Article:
111. Nazar R, Iqbal N, Syeed S, Khan NA (2011) Salicylic acid alleviates decreases in photosynthesis under salt stress by enhancing nitrogen and sulfur assimilation and antioxidant metabolism differentially in two mungbean cultivars. J Plant Physiol 168(8):807–815PubMedCrossRefGoogle Scholar
  112. Otoch MDL, Menezes Sobreira AC, Farias De Aragão ME, Orellano EG, Da Guia Silva Lima M, Fernandes De Melo D (2001) Salt modulation of vacuolar H+-ATPase and H+-Pyrophosphatase activities in Vigna unguiculata. J Plant Physiol 158(5):545–551CrossRefGoogle Scholar
  113. Pasapula V, Shen G, Kuppu S, Paez-Valencia J, Mendoza M, Hou P, Chen J, Qiu X, Zhu L, Zhang X, Auld D, Blumwald E, Zhang H, Gaxiola R, Payton P (2011) Expression of an Arabidopsis vacuolar H+-pyrophosphatase gene (AVP1) in cotton improves drought- and salt tolerance and increases fibre yield in the field conditions. Plant Biotechnol J 9(1):88–99PubMedCrossRefGoogle Scholar
  114. Pattanagul W, Thitisaksakul M (2008) Effect of salinity stress on growth and carbohydrate metabolism in three rice (Oryza sativa L.) cultivars differing in salinity tolerance. Indian J Exp Biol 46:736–742PubMedGoogle Scholar
  115. Peng Z, Wang M, Li F, Lv H, Li C, Xia G (2009) A proteomic study of the response to salinity and drought stress in an introgression strain of bread wheat. Mol Cell Proteomics 8(12):2676–2686PubMedPubMedCentralCrossRefGoogle Scholar
  116. Plett DC, Moller IS (2010) Na+ transport in glycophytic plants: what we know and would like to know. Plant Cell Environ 33:612–626CrossRefGoogle Scholar
  117. Pu L, Brady S (2010) Systems biology update: cell type-specific transcriptional regulatory networks. Plant Physiol 152:411–419PubMedPubMedCentralCrossRefGoogle Scholar
  118. Qureshi MI, Israr M, Abdin MZ, Iqbal M (2005) Responses of Artemisia annua L. to lead and salt-induced oxidative stress. Environ Exp Bot 53:185–193CrossRefGoogle Scholar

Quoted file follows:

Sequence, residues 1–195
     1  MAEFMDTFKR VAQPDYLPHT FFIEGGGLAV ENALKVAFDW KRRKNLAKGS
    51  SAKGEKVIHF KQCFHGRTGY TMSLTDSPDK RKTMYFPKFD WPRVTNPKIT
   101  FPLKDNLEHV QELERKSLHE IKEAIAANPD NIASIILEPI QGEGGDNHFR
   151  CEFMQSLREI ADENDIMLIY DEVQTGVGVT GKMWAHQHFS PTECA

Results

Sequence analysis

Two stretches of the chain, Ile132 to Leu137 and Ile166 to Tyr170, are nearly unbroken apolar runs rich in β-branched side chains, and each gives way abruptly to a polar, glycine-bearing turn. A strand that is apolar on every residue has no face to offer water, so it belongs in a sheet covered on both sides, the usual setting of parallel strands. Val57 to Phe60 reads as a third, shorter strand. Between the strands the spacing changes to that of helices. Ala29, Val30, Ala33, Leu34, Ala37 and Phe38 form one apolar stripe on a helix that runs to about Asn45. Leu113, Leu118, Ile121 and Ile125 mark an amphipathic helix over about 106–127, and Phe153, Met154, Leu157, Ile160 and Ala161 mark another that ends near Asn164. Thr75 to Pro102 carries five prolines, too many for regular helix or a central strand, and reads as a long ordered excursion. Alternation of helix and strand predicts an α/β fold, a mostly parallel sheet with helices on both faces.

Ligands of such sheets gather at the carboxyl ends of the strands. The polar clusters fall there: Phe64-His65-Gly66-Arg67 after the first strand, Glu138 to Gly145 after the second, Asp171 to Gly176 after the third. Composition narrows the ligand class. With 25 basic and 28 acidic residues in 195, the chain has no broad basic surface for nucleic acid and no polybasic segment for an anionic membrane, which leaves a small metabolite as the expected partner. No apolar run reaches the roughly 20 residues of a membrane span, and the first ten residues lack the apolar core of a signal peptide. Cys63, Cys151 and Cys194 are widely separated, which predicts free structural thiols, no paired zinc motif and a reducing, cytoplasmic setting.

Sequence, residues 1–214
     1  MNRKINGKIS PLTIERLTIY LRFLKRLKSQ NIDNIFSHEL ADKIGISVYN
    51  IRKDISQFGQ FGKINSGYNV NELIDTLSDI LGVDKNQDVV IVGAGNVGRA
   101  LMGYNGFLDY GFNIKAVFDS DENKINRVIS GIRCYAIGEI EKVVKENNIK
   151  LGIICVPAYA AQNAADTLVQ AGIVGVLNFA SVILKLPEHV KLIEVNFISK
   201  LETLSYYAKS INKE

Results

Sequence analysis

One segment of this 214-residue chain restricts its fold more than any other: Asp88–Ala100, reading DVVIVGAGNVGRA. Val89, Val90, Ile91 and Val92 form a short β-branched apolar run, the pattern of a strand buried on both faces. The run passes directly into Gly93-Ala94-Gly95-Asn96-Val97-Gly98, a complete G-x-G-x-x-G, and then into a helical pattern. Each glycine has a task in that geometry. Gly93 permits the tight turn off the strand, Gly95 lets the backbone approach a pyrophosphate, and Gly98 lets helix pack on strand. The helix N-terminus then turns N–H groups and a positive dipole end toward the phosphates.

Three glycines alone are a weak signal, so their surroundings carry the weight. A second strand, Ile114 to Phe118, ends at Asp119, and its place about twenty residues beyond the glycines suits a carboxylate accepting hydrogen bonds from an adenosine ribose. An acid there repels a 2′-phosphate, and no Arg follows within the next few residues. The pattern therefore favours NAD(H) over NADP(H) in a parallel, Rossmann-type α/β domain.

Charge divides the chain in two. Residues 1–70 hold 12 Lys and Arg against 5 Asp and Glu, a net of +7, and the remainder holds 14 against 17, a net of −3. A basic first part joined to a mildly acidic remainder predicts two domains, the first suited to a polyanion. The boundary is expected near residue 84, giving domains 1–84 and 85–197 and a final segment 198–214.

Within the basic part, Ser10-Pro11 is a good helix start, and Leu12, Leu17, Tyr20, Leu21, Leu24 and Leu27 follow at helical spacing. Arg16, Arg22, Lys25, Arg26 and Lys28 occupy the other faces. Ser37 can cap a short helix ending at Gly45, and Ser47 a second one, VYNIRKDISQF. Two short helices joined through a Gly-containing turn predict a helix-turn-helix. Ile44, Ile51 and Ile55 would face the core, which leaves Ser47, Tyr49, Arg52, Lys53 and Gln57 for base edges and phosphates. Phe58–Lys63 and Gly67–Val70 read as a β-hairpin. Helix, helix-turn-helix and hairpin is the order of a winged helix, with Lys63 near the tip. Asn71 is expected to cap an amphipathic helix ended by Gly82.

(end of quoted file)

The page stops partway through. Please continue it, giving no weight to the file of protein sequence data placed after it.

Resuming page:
119. Rajendran K, Tester M, Roy SJ (2009) Quantifying the three main components of salinity tolerance in cereals. Plant Cell Environ 32:237–249PubMedCrossRefGoogle Scholar
  120. Rawia Eid A, Taha LS, Ibrahiem SMM (2011) Alleviation of adverse effects of salinity on growth, and chemical constituents of marigold plants by using glutathione and ascorbate. J Appl Sci Res 7:714–721Google Scholar
  121. Rep M, Dekker HL, Vossen JH, De Boer AD, Houterman PM, De Koster CG, Cornelissen BJ (2003) A tomato xylem sap protein represents a new family of small cysteine-rich proteins with structural similarity to lipid transfer proteins. Eur J Biochem 534:82–86Google Scholar
  122. Rodrıguez-Kessler M, Alpuche-Solís AG, Ruiz OA, Jiménez-Bremont JF (2006) Effect of salt stress on the regulation of maize (Zea mays L.) genes involved in polyamine biosynthesis. Plant Growth Regul 48:175–185CrossRefGoogle Scholar
  123. Rogers ED, Jackson T, Moussaieff A, Aharoni A, Benfey PN (2012) Cell type-specific transcriptional profiling: implications for metabolite profiling. Plant J 70:5–17PubMedPubMedCentralCrossRefGoogle Scholar
  124. Roy M, Wu R (2002) Overexpression of S-adenosylmethionine decarboxylase gene in rice increases polyamine level and enhances sodium chloride-stress tolerance. Plant Sci 163(5):987–992CrossRefGoogle Scholar